When the pandemic struck earlier this year, I mentioned land as a key indicator of the severity of the impact of the crisis. I argued that, low prices and low farm income would leave farmers hanging on to land as their best hopes to minimize losses.
Luckily, prices and income have not taken as hard a hit as was feared back in March. Despite the better-than-expected farm prices and income, land markets have had a slow year. But it was probably a more stable one than could have been anticipated.
Only two other downturns
The 2020 USDA estimates for farmland values released earlier this fall show a reduction of 0.8% at the national level. According to the USDA, this was only the third time since 1988 that average farmland values fell (2009 and 2016 were the other two years). This is not a large depreciation in value and many would talk of stable or unchanged land values.
But changes vary considerably across states and even within states. In Wisconsin, our data suggest an average decline of 2.8% in land values compared to 2019. This can reflect lower prices but also a more limited number of sales involving higher-valued land.
In some areas of the state, the market was stable and might even have seen some marginal gains, boosted in part by other land uses such as recreational value. But the more dairy intensive parts of the state have seen a softening of the land market in 2020. In those areas, farmland markets are driven mainly by dairy producers. And despite better prices and historically low interest rates, the uncertainty is likely to make dairy producers either unwilling or unable to go ahead with expansion projects and large investments in real estate.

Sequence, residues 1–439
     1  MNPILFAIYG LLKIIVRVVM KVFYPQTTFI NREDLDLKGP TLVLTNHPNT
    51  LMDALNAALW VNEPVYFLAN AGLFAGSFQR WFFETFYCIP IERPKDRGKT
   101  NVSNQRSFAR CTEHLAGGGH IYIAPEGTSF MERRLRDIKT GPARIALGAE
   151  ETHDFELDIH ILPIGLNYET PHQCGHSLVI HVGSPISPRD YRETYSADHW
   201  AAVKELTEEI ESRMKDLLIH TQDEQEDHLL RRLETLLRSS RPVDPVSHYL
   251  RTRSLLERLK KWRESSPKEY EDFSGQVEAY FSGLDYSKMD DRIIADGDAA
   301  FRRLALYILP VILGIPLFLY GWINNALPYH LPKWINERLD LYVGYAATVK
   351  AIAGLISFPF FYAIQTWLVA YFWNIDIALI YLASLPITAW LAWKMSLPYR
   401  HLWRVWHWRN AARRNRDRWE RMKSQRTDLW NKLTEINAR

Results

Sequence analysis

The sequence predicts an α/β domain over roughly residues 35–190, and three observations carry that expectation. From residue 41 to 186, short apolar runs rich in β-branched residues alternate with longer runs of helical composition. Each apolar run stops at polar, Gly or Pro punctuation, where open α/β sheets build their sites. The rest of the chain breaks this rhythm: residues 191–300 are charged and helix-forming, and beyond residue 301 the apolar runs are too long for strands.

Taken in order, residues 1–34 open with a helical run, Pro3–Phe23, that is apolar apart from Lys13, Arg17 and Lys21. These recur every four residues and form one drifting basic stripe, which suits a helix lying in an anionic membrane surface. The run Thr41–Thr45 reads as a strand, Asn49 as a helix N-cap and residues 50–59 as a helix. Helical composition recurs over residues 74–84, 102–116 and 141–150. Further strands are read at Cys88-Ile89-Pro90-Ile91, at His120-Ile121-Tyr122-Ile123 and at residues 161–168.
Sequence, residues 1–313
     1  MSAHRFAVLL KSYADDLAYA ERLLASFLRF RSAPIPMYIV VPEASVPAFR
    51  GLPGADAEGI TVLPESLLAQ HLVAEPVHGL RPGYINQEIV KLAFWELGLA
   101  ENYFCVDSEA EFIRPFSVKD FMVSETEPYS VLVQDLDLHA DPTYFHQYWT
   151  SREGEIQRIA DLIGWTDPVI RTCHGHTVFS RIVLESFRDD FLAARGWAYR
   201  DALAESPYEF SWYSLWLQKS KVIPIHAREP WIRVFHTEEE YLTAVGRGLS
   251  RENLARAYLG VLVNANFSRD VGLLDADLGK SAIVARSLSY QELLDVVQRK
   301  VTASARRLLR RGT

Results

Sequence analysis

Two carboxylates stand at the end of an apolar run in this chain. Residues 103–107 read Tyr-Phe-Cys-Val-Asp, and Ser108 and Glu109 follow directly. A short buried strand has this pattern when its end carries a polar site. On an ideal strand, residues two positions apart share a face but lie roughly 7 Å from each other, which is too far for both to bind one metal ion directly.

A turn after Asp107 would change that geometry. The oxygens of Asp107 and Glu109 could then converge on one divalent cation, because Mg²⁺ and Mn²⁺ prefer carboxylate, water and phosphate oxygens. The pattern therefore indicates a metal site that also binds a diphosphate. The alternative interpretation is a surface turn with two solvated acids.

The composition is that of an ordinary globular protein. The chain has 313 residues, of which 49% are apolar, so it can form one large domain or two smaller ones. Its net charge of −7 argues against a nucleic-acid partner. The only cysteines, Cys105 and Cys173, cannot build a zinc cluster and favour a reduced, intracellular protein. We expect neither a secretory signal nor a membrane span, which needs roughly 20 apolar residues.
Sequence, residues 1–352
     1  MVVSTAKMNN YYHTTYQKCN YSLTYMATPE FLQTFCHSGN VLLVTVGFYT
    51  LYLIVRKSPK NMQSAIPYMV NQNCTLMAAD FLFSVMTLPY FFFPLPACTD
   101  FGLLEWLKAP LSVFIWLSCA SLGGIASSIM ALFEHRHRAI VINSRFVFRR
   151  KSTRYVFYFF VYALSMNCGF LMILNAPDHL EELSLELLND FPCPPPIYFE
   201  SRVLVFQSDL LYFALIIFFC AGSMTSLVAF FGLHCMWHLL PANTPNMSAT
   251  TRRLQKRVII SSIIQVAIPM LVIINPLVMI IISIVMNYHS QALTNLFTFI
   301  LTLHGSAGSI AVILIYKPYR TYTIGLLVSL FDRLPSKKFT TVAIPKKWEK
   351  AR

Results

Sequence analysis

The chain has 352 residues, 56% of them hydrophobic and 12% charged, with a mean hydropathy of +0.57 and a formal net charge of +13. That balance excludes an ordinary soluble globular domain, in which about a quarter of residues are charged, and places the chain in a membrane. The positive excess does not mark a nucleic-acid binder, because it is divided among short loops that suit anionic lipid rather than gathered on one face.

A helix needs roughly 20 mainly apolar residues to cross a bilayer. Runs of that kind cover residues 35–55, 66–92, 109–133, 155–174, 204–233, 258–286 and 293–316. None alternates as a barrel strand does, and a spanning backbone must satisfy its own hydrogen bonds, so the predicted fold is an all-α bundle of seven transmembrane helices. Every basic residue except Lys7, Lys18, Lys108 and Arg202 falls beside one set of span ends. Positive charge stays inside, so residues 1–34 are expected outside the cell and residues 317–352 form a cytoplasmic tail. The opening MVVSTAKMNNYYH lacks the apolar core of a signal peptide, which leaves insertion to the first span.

Overall, we avoided a meaningful downturn in land markets in 2020, and we can reasonably hope that 2021 will bring a more stable economic environment that should open the possibilities for reinvestment in dairy and resume the upward trend in land values in dairy intensive areas.